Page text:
A tale of two stories, rather it appears the two have reversed positions. Last month, optimism was growing that China was rebounding and Europe still remained weak. Early in Asia, the official Chinese factory gauge barely stayed in expansion territory. The headline came in at 50.1, down from 50.5 prior, and somewhat disheartening for many who expected an unchanged reading. The rest of the Chinese data was rather poor, with services PMI also missing expectations and the private sector readings confirming softness. In Europe, an onslaught of data delivered a rather upbeat tone. The euro area economy grew more than expected as Italy ended its technical recession, France and Spain showed improvements, the eurozone unemployment rate fell to the lowest level since 2008, and the German states are showing inflation.
EUR – On the verge of a major breakout
AUD- China still stabilizing
Oil – Saudis production talk and Venezuela’s Guaido’s uprising drive crude higher
Stock – Google and Samsung take air out of Tech
Gold – Attempting to recapture $1,300 an oz
Start of the second quarter is looking promising for the euro zone area. Economic growth is flashing signs of a recovery and inflation is coming back and if we get a dovish Fed on Wednesday, we could be talking about EUR/USD attempting to recapture 1.1300. The rebound in Germany was expected, but if we continue to get strong signs from the periphery, we could see a major bottom in place for the euro. Down the road, the bigger story might be the Italy exiting a technical recession, which could provide the ECB room to hold back on adding further stimulus.
The Australian dollar fell sharply against all of its major trading partners following the disappointing round of Chinese PMI readings. While no one is expecting a hard landing due to the initial wave of Chinese stimulus, this emphasizes the need for a trade deal to be wrapped up so the PBOC can use their bazooka of stimulus. Weakness in commodity currencies however were short-lived as trade optimism remains high as US negotiators arrive in Beijing. US Trade Representative Lighthizer and Treasury Secretary Mnuchin meet with Chinese Vice Premier Liu He and hope to deliver meaningful progress that will keep hopes for a final agreement at the end of May.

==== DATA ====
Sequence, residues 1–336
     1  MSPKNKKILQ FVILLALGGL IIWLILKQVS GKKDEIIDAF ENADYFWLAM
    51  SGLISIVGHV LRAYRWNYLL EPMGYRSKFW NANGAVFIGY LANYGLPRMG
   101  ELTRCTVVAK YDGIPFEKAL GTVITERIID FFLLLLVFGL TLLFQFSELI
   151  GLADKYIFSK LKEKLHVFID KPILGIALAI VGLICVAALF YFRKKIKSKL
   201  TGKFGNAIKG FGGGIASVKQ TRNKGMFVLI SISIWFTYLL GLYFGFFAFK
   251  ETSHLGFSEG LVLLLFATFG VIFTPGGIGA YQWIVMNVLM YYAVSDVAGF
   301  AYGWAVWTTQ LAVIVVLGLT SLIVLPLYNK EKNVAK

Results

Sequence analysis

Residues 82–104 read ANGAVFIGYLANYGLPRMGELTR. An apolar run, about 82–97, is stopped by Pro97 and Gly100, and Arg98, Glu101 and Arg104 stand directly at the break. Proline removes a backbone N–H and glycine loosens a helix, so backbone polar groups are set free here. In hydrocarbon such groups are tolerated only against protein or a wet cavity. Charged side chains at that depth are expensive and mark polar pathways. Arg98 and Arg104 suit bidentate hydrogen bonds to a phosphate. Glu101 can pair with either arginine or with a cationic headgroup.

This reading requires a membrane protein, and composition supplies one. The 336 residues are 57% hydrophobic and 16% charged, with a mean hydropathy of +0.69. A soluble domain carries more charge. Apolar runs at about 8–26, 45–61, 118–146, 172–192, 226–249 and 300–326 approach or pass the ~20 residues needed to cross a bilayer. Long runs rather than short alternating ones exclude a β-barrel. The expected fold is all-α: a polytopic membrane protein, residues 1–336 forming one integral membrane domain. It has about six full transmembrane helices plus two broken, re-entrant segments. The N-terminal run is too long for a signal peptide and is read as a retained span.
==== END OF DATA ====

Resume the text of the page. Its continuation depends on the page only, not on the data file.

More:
Crude prices first caught a bid after Saudi Arabia refuted Trump’s comments that OPEC will pump more and as Venezuelan opposition leader Juan Guaido calls for an uprising with military support. The banter between the Saudis and President Trump is somewhat expected, but the potential military uprising could be what is needed for oil to recover last week’s decline. It is unclear if Guaido has a significant amount of military support, but even if it is a small number of troops, it indicates he is making progress. The country is in meltdown mode and it could be a matter of time before Maduro is forced out or decides to flee. Oil remains vulnerable on Veneuzuela, but once Guaido takes over, we could see oil selloff sharply. If Guaido gets captured, oil could rise a few dollars. West Texas Intermediate crude rose 1.3% to $64.35 a barrel .
Technology stocks did not get any help from Google or Samsung, while GE, Merck and Pfizer delivered strong earnings results that took their respective shares higher. Apple delivers their results after the close and traders will focus on services growth. At the beginning of the year, the iPhone maker delivered a warning that triggered the low for tech stocks. Wall Street is looking for clarity on iPhone weakness in China and if services business growth can continue to alleviate the falling phone sales. The consensus is for EPS to plummet to $2.37 and revenues to slide over 5% to $57 billion.
The precious metal is gaining momentum hear following the soft PMI readings from China. A further deterioration however is not expected in China and the key to gold will likely be whether Fed delivers a strong dovish message.
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